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In Hidalgo, Texas, a life of normalcy and defying misconception with the border in their backyards

McAllen, where President Trump visited on Thursday, is a border town. But go a few more miles to the south, and you'll find the much more intimate Hidalgo, the true entrance to the Rio Grande Valley.

The eyes of a country turned to McAllen, Texas, on Thursday, a borderland city in the heart of the Rio Grande Valley where President Donald Trump arrived for a few hours to visit with local authorities amid hundreds of protesters and supporters. The main topic on the agenda during his brief visit: Border security, and pushing for his divisive wall proposal.

To those who live there and also those reading about the visit from across the country, it is indeed a border community. But if it’s the entry into the United States, Hidalgo is the doormat.

 About seven miles south of McAllen, this much smaller community is home to some of the southernmost U.S. residents in Texas. Gas is as low as $1.65 (at least it was on the day after the president’s visit), and you can see the steel bollards and slats driving down most of its main streets.

Neighborhoods sit only one to two miles from the border itself; in San Antonio, it would take you as long, if not longer, to walk from Hemisfair to the Pearl.

Gas stations, some of them abandoned, sit yards away from border bollards, as do casas de cambio, or currency exchange bureaus.

Here, the RGV denizens who live closest to their nation's gates say misconceptions from all over the U.S. of their community and the area in which it resides, especially from those who have never visited for themselves, are just a fact of life.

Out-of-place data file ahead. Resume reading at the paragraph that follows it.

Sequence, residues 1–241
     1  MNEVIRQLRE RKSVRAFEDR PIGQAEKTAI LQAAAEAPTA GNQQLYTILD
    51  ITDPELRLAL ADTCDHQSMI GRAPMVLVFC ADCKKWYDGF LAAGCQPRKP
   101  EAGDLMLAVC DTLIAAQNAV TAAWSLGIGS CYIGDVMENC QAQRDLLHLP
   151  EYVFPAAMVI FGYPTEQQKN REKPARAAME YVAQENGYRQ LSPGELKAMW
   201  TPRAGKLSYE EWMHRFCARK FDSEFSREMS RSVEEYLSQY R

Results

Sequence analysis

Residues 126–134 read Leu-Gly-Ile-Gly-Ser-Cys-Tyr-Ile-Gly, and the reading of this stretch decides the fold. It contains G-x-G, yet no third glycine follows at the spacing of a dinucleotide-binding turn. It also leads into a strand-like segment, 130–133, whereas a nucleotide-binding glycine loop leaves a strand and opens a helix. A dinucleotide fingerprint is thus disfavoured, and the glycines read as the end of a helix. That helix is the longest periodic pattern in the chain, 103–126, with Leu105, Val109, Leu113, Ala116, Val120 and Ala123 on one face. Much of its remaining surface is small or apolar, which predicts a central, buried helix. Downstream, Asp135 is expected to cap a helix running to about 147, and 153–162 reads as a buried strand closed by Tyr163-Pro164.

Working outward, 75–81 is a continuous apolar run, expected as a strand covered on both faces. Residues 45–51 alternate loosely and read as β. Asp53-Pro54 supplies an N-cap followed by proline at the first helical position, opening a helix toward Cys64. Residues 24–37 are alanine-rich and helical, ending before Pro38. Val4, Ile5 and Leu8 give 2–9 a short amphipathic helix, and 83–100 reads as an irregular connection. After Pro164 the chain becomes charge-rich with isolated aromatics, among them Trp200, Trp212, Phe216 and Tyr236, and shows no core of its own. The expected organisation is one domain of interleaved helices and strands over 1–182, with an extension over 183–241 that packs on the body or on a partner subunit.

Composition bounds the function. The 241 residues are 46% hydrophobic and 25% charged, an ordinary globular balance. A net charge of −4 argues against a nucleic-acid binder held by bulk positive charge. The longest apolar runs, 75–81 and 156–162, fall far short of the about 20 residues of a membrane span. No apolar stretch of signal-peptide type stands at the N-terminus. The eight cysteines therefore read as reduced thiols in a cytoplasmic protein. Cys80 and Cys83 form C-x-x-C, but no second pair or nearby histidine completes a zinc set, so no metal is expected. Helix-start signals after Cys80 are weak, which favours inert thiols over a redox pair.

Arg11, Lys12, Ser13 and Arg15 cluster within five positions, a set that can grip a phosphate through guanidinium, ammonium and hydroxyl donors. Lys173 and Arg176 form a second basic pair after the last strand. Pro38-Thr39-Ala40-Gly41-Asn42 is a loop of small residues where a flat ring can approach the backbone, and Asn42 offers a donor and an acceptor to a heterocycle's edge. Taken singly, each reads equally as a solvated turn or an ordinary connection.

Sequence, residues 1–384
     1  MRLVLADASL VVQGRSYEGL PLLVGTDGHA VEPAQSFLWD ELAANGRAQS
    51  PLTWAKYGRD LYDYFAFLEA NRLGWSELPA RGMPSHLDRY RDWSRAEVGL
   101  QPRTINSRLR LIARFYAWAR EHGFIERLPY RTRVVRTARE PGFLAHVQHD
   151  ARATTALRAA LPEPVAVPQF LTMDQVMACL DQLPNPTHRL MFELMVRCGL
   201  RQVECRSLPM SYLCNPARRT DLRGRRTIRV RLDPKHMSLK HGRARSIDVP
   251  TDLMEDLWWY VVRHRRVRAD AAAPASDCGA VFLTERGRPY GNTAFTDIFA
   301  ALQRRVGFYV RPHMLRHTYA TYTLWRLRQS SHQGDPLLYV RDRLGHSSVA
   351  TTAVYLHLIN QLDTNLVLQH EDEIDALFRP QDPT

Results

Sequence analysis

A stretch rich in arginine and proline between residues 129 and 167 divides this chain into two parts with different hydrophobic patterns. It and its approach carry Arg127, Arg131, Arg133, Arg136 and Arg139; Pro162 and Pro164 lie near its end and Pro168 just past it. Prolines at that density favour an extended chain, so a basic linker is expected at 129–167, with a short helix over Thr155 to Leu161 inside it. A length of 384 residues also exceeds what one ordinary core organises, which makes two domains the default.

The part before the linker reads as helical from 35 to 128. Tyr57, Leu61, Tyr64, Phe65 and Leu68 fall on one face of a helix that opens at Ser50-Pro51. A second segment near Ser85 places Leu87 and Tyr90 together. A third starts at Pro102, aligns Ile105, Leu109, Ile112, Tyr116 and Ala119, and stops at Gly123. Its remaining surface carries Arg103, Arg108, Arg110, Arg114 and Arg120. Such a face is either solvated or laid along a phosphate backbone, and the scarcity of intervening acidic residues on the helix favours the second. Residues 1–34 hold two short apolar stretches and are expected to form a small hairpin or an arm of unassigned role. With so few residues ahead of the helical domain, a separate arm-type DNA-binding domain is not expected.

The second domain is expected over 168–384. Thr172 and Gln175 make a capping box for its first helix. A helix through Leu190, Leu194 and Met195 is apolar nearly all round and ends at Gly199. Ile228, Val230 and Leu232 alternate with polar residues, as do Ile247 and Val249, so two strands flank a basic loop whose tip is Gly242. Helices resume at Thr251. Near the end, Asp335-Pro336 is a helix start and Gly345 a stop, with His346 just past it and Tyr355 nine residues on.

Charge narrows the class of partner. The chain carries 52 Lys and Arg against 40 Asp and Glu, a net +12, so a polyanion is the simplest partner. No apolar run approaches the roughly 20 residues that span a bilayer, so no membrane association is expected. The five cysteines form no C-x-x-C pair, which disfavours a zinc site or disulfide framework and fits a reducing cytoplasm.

“Here there aren’t murders. Here there aren’t drugs. Here there aren’t gangs,” said Gilda Bargaz, a 25-year resident of Hidalgo. “Here it’s a very peaceful city. I think those who think things that are contrarian to our lives here probably are conditioned to think that way.”

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Hidalgo isn’t secluded. Only 62 percent of households have internet (compared to 76 percent in McAllen just a couple miles up 10th Street), but it’s by no means a bubble. Its residents are well aware of what people say about border towns; they read, watch and listen to it every day.

To most of them here, the amount of what they call misinformation correlates with those who have never seen the area for their own eyes. But it doesn’t affect their day-to-day lives, either.

“Calm. Secure. It’s really…you go with the flow,” said 20-year-old Frank Galvan, who said he has lived in Hidalgo since he was 3. “For the Christmas parade we do here every year, we get lots and lots of visitors from all over the valley. We have winter Texans who come here, they feel safe. They’re from up north and they come down here for the winter.”

When Eric Orduño moved here a little over five years ago, it was a bit of a drastic change. He came with his wife to Hidalgo, a community of just under 14,000 as of 2017, from the country’s fourth largest city in Houston.